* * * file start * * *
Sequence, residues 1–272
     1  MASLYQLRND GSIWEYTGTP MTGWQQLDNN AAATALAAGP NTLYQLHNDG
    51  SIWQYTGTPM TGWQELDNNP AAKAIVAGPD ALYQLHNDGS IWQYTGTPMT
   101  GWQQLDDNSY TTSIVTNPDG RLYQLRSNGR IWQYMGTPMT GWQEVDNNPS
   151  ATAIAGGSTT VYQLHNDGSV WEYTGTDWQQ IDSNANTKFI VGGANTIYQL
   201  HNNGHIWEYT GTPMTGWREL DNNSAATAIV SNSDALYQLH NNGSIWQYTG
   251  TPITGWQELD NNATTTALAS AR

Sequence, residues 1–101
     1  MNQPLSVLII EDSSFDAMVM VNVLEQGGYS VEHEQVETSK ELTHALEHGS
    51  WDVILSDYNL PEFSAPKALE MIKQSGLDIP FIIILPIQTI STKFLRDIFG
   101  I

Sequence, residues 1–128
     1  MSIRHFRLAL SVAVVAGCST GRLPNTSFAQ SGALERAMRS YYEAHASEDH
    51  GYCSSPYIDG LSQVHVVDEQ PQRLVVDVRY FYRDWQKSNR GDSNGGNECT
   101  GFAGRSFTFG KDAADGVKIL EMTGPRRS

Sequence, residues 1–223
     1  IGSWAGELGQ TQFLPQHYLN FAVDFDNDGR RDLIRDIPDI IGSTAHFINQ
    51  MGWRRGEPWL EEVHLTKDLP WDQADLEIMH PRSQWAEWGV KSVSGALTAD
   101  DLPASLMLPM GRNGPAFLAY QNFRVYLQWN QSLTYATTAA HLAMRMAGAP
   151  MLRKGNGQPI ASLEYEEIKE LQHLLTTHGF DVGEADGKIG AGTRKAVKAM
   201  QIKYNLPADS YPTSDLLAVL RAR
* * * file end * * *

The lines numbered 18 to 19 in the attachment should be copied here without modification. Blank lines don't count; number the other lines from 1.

    51  MGWRRGEPWL EEVHLTKDLP WDQADLEIMH PRSQWAEWGV KSVSGALTAD
   101  DLPASLMLPM GRNGPAFLAY QNFRVYLQWN QSLTYATTAA HLAMRMAGAP